Many of us experience a certain degree of ambivalence as to whether we can or, indeed, be able to change challenging situations or behaviours. These pages introduce carers to a general model of health change which allows them to perceive the notion of change in a relatively straightforward manner. It also introduces a therapeutic approach known as Motivational Interviewing (MI), used by clinicians to enhance personal motivation for change. Eating disorders thrive on conflict and disharmony. MI provides carers with a framework in which they can reflect upon and build more adaptive forms of communication to use with their loved one.
Motivational interviewing has been found to be particularly helpful for people who are ambivalent about change (Treasure, et al., 2010; Miller & Rollnick, 2002). In a recent systematic review the aim of which was to identify the effectiveness of MI when used with both patients and carers of people with EDs, studies indicated the potential for using MI in the field of EDs, particularly with regards to ”readiness to change” (Macdonald, et al., 2011). Since resistance to change is particularly common in the field of anorexia nervosa, this approach has been incorporated extensively in the development of our carer interventions. To date, it has been a useful tool in working with family members in encouraging them to reflect upon and implement some of the cognitive and behavioural changes necessary to break vicious cycles of unhelpful responses to the eating disorder. Carers also find the skills useful in communicating more adaptively with their loved ones when instigating and eliciting change talk.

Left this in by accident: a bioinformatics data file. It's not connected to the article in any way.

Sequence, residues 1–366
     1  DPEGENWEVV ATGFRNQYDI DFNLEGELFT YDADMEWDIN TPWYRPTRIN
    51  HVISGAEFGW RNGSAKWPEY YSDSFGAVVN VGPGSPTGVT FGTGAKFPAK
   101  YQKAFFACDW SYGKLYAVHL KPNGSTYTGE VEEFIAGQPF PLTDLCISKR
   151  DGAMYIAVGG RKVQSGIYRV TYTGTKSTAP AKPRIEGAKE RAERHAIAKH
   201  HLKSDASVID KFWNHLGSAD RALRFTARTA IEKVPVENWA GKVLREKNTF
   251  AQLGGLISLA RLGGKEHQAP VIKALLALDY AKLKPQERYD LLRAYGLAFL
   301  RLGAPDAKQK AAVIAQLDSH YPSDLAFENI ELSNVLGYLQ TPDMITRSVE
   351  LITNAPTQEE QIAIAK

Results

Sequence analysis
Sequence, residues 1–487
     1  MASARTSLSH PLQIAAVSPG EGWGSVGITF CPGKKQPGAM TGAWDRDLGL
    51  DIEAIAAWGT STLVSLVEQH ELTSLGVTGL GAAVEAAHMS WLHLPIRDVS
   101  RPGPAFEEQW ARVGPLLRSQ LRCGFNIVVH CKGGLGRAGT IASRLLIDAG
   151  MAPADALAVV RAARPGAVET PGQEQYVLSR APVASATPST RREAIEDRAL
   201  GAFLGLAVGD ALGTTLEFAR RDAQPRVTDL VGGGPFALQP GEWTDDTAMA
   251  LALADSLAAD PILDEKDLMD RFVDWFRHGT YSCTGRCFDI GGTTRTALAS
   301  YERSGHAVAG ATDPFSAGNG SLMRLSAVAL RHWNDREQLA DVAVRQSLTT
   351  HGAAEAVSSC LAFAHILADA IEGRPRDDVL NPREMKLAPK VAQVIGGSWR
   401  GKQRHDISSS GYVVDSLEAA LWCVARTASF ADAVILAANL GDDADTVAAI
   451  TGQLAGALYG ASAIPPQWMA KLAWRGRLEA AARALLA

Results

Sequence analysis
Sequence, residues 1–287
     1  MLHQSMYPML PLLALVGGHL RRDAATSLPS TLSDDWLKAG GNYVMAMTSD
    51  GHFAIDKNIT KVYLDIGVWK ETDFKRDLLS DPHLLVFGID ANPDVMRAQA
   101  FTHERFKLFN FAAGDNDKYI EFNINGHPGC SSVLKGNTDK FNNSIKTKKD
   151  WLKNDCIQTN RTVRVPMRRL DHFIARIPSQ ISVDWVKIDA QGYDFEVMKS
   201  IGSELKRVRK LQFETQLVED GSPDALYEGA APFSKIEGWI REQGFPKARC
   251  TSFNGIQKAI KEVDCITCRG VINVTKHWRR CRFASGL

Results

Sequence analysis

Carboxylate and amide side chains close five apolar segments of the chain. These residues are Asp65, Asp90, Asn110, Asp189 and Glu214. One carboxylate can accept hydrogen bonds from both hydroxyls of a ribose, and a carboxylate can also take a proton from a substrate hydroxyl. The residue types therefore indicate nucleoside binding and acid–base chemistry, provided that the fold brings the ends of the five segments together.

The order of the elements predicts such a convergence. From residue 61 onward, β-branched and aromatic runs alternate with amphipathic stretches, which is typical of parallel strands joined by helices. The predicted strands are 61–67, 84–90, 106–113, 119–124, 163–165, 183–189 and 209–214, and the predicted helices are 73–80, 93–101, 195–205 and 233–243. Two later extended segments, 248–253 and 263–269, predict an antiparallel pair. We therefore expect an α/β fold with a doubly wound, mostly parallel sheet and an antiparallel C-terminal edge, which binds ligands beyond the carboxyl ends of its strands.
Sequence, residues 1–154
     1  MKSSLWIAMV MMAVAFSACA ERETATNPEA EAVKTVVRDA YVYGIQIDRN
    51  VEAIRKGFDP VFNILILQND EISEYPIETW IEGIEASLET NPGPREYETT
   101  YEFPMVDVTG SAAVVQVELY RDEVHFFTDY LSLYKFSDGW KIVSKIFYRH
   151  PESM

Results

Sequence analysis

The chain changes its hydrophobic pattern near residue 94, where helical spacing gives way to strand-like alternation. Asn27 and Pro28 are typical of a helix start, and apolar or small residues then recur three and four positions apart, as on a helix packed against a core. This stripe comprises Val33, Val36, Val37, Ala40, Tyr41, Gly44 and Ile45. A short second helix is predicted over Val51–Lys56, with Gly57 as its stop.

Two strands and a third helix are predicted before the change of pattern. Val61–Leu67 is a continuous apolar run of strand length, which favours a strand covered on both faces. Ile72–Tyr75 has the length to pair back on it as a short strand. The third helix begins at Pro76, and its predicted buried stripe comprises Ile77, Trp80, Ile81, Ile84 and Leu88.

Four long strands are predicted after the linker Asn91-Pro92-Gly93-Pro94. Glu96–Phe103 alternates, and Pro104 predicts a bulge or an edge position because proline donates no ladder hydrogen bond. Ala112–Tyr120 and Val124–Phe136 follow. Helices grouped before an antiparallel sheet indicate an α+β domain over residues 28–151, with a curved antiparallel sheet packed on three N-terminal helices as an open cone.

Motivational interviewing is not appropriate when there is an immediate danger to the sufferer. A sufferer who has been sectioned under the mental health act, or one who is suffering an acute episode may not be in a position to respond to motivational interviewing. Click here for further details on medical risk.
Our hope is that the practical skills and techniques presented here equip carers with a tool that will help them feel more confident and empowered in their caring role, reduce their anxiety, improve communication lines in the family and ultimately help them best support their loved one on their path towards recovery.